Figure 2 : Manas and Vijender with the third version of the water purifier
How is your pricing to customers?
Our price is Rs 1-3 per litre. As consumption increases the price drops down from Rs.3/litre to Rs.1/Litre, when compared to the bottled water market (Rs.4/litre) and the general purifier market (Rs.4-6/litre).
Eliminating the cost needed for a one-time investment, the sensors placed inside the purifier can also monitor the quantity of consumed water and charge customers accordingly. Our subscription plans include hardware, installation, service and capital cost. When consumers are away(not using the purifier), we also have a “Pause” period, where only the financing fee is charged. There are a few plans that give a 15 day off upfront pause, where the fee is not charged.
Affordability is a big part of the organisation. In comparison to the dealer-distributor pattern, which is quite expensive, we focus on a D2C model, making this technology available to all.
Where is your consumer base?
Tenants are our major customers. We are also working with the landlords regarding the water purifier device. We advise them to keep the purifier, so that the next tenant takes it. Small initiatives in converting the owner to a customer are also being taken, making it beneficial as a revenue source for them. A win-win situation for both tenant and owner. So far the consumer base has spread to more than 1 lakh across 7 cities in India (Bangalore, Hyderabad, Delhi, Faridabad, Ghaziabad, Gurgaon and Noida).
When did your journey begin?
We started off a hobby project (named Waterwala) to purify water for consumption in 2014. Our main aim back then was to make purified water delivered to the doorstep. Even though more money was being invested for delivery, while scaling up the model, the consumer base crossed 20k, emphasising the size of the problem, yet we were missing out the main aspect which is the input water condition. Moving into this industry fulltime in 2015, DrinkPrime started off in 2016.
What do your finances and partnerships look like?
Being a D2C, we are currently looking for both financing and technical partners. With the IoT enabled purifier launched in 2018, we have seen a 5 times YoY growth. We as an organisation are open to new ideas and thoughts, especially those who can reduce the cost per litre. Service technicians and customer acquisition partners are also welcomed.
To keep track of the consumption taking place, data is given to our financiers who back us up. A minimum amount on every device is given to the financer. Currently, our financiers are Omidyar Network India and Sequoia Surge (Rs.21 Crore), Alteria Capital (Rs.6 Crore) and UC Inclusive Credit (₹5 crore) and Western Capital (₹3 crore). Our current valuation is Rs. 202.5 crores.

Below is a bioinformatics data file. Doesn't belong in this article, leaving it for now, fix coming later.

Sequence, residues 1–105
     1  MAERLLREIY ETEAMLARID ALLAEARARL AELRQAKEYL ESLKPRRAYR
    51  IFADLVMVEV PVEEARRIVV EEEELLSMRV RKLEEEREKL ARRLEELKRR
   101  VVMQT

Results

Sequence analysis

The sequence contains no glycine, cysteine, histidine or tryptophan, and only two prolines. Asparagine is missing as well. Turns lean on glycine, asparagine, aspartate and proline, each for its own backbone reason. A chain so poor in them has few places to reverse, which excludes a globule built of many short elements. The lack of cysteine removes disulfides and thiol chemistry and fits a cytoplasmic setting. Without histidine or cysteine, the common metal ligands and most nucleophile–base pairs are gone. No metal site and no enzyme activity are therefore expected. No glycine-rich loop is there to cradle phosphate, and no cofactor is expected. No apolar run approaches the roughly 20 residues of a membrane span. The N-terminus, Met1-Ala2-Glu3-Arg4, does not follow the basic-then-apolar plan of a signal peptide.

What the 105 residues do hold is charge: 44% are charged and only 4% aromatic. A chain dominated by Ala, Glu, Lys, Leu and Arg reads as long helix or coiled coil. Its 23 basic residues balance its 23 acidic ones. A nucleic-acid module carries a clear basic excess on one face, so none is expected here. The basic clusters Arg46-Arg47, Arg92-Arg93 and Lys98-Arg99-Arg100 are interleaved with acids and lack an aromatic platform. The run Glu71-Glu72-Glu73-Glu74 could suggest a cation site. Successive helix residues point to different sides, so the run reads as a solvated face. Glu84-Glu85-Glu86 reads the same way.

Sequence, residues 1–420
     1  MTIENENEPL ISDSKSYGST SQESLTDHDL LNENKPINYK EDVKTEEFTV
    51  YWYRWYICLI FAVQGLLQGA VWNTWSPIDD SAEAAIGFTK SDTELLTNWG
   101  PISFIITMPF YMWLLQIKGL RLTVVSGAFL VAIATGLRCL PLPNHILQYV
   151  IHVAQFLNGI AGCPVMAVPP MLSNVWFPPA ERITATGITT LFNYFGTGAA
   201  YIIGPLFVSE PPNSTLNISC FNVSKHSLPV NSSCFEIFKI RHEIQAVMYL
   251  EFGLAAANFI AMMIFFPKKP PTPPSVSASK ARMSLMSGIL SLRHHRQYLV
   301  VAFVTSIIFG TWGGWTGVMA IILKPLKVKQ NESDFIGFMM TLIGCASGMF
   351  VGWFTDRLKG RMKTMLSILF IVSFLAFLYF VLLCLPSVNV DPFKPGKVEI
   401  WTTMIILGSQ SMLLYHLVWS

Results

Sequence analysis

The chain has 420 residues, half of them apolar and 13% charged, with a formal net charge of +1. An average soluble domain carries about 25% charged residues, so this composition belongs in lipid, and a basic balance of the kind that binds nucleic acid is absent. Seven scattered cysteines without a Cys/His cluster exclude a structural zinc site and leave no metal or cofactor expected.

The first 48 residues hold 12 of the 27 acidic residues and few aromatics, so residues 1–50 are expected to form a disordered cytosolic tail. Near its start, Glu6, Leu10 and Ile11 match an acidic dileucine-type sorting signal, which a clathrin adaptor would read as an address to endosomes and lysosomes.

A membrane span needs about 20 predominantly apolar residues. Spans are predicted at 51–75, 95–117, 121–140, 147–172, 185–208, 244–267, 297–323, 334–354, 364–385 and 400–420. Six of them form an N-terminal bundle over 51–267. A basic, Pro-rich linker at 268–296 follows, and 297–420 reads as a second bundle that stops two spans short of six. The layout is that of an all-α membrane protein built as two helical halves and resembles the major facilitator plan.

Who is/could be on your team?
In terms of skill sets, we are adding more members to the DrinkPrime family – Product and Technology, Production and Operations teams – to ensure we achieve our goals and milestones. Apart from this we are always hiring for operations and customer service roles.
With around 150 direct employees, the majority (70 percent) is part of the operations and sales. The remaining work on managing functions with around 20 people focussed only on the technology. We have a team of absolute hardware experts that are working on the fourth version and the awareness program.
What are the challenges you face ?
Testing parameters challenge– exists as over 20 parameters are collected from the input water in each area(TDS, turbidity, chloride levels, pH levels, minerals and metals, ecology). Not everything can be done online, as some need to be kept on a solvent adding a catalyst to obtain results, even though TDS and pH can be measured easily.
Supply chain challenge– is something always present. The reliance on international imports, 24 hrs testing are challenges which are offline and time consuming. We would be happy to collaborate in a cost effective way with people who have cracked and found a solution to this. Being a hygiene factor and a utility, the consumer would not pay extra for this, hence cost plays a vital role.
Innovation challenge– is increasing the life of the water purifier, making it more durable, in a better fashion.
What are your future plans?
As water purification is a whole necessity in India, we look to expand even to rural areas. As time progresses, we would like to provide water at less than Rs 1/litre or set up an area for a community where people could fill water in rural India. We are looking at tier 1 cities first, followed by tier 2 and tier 3. Our main vision currently, is making sure that the 85 percent of urban India population drinks the right water.
Manas and Vijender come from a MBA and Computer Science background respectively. Transcribed and curated by Sharon Abhignya Katta, who is passionate about innovation.